Meadow saffron Colchicum autumnale

A femme fatale of the wild flower world, as beautiful as it is deadly.

Meadow saffron contains the poison colchicine (note the scientific name Colchicum) and reports of people dying after mistaking it for wild garlic occur to this day.  It is also known as the "Autumn crocus", a name it shares with the somewhat similar looking Crocus nudiflorus . However unlike its namesake it is not actually a crocus nor is it a recent visitor to our shores - meadow saffron is actually a native British bloom.

Identification

Sleek and glossy, the six petals of meadow saffron are a rich purple colour - deeper on the inside than out - emerging from a long, white and stem-like tube. Encased within them are orange anthers. The flower appears to emerge directly from the ground since the leaves (also shiny, lance-like and somewhat opblong in shape) die back before it blooms (see "Did you know?" below).

Distribution

Mainly located in the West Midlands and Welsh Borders. It is rarer elsewhere in Britain although there have been some populations introduced in other parts of the country.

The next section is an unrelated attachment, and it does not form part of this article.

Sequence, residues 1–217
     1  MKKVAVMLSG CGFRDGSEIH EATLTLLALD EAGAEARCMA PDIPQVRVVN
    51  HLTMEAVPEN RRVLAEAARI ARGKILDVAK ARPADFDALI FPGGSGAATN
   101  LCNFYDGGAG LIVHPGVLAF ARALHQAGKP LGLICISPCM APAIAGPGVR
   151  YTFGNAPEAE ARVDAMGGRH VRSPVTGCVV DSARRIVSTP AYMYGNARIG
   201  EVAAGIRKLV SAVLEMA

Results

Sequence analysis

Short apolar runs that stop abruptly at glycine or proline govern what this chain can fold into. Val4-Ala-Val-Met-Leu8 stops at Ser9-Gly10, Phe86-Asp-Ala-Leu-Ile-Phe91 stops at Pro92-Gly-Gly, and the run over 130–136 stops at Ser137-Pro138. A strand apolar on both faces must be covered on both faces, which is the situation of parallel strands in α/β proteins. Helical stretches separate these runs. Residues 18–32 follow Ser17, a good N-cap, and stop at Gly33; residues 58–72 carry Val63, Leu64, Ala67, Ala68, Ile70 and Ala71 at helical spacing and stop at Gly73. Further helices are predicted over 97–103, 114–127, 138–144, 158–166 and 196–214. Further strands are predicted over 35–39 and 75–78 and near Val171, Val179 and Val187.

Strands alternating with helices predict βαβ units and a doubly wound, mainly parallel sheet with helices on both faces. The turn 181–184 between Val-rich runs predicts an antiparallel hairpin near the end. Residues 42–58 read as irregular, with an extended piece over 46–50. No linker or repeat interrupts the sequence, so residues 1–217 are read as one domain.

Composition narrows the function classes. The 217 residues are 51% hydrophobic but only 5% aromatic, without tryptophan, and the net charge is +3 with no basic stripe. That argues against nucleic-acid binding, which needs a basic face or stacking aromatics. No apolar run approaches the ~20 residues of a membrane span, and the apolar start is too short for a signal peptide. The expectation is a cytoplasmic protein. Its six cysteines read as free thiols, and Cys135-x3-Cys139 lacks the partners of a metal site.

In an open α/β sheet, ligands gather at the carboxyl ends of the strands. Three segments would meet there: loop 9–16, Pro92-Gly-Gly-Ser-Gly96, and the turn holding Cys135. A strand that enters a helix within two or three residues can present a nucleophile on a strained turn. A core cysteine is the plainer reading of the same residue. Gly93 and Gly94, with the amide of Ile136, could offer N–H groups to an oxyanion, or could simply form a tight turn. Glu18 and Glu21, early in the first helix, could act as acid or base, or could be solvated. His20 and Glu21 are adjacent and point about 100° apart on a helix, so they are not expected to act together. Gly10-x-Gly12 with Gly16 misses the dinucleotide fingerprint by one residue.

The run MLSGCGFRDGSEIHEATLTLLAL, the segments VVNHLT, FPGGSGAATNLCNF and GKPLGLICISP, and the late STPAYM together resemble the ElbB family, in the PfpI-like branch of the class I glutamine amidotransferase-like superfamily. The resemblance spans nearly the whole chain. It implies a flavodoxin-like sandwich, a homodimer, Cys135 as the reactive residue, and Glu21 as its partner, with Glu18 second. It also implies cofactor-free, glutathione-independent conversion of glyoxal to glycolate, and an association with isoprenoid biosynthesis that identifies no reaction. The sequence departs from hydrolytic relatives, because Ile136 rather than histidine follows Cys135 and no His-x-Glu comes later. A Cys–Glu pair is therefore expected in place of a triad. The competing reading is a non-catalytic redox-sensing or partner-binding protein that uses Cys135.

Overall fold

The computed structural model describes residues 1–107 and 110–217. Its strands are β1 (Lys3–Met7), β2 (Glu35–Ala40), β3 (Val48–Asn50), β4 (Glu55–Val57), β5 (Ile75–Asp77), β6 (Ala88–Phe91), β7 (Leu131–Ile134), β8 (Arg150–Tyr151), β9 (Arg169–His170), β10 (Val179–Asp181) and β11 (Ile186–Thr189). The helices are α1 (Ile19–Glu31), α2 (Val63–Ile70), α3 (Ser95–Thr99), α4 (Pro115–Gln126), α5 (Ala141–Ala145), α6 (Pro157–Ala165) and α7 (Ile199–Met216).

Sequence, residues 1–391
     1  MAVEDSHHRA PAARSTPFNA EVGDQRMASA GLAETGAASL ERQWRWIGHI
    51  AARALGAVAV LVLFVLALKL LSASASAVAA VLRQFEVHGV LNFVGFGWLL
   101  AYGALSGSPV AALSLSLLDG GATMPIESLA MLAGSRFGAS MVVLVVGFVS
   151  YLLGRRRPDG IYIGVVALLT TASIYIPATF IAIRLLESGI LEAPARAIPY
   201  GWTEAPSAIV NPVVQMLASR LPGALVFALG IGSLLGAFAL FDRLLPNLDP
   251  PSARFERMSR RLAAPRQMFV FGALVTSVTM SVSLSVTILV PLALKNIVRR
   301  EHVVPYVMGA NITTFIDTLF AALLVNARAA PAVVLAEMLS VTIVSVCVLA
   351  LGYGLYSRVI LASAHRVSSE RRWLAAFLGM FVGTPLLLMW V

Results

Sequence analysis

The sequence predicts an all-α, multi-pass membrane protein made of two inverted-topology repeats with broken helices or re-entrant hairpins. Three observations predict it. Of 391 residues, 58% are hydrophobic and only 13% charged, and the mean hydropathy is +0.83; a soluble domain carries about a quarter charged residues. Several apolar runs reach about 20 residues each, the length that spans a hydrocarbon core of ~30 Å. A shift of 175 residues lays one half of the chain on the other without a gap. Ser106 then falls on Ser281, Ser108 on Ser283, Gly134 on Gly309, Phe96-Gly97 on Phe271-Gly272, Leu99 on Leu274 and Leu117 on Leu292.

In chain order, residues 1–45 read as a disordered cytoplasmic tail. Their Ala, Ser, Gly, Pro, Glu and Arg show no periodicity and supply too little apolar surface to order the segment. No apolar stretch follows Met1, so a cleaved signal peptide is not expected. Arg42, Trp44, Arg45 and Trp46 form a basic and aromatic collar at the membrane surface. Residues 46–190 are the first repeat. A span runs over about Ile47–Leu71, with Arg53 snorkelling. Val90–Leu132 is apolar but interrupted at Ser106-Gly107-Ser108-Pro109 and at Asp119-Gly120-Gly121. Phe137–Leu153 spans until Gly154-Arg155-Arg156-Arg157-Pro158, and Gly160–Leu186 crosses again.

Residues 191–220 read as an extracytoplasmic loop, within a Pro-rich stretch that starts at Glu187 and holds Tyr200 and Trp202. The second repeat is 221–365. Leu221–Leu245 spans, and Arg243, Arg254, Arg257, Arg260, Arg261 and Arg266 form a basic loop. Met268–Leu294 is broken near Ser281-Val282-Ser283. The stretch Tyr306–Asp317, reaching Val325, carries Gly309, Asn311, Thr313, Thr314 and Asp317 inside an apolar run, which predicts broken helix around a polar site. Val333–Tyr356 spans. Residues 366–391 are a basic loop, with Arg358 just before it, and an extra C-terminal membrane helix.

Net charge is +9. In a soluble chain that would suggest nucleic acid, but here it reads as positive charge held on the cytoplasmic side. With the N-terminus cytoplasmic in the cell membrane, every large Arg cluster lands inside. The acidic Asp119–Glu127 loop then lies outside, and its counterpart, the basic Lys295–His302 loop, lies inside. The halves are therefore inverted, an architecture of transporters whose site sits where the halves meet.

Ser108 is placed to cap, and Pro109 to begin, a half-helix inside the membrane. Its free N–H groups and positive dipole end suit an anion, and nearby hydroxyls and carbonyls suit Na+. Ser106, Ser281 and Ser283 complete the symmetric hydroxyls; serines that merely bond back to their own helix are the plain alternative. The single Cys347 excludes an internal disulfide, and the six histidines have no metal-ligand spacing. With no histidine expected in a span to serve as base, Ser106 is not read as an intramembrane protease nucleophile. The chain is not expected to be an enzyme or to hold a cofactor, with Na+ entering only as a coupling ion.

Habitat

Damp grassy places. This wild flower is perfectly suited to wet meadows however it is rarely found in such habitats as it poses a danger to livestock and thus is eradicated. More often it can be seen along woodland rides and clearings where it poses less of a threat.

Best time to see

True to form, this Autumn crocus flowers late in the year although often before its namesake. Look out for it between August and October.

Did you know?

This wild flower is often called "Naked Ladies", possibly because no leaves adorn it when it blooms. According to the poet and naturalist Geoffrey Grigson, this was a sentiment shared across the world: in France it is known as dames sans chemise (ladies without a chemise); in Germany Nakende Huren (naked whores) and even its Czech name translates as "the naked one".

More late blooming wild flowers: